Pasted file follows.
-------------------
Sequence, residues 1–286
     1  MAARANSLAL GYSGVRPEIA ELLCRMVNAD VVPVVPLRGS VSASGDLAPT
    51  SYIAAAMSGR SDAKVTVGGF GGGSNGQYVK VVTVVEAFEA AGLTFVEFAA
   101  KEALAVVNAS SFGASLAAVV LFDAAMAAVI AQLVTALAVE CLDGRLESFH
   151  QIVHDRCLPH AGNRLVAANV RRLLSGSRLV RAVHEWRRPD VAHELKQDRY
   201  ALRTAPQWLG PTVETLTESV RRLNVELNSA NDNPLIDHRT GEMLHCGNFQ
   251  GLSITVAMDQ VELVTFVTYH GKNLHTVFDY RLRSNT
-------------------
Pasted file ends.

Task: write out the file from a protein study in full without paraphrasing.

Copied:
Sequence, residues 1–286
     1  MAARANSLAL GYSGVRPEIA ELLCRMVNAD VVPVVPLRGS VSASGDLAPT
    51  SYIAAAMSGR SDAKVTVGGF GGGSNGQYVK VVTVVEAFEA AGLTFVEFAA
   101  KEALAVVNAS SFGASLAAVV LFDAAMAAVI AQLVTALAVE CLDGRLESFH
   151  QIVHDRCLPH AGNRLVAANV RRLLSGSRLV RAVHEWRRPD VAHELKQDRY
   201  ALRTAPQWLG PTVETLTESV RRLNVELNSA NDNPLIDHRT GEMLHCGNFQ
   251  GLSITVAMDQ VELVTFVTYH GKNLHTVFDY RLRSNT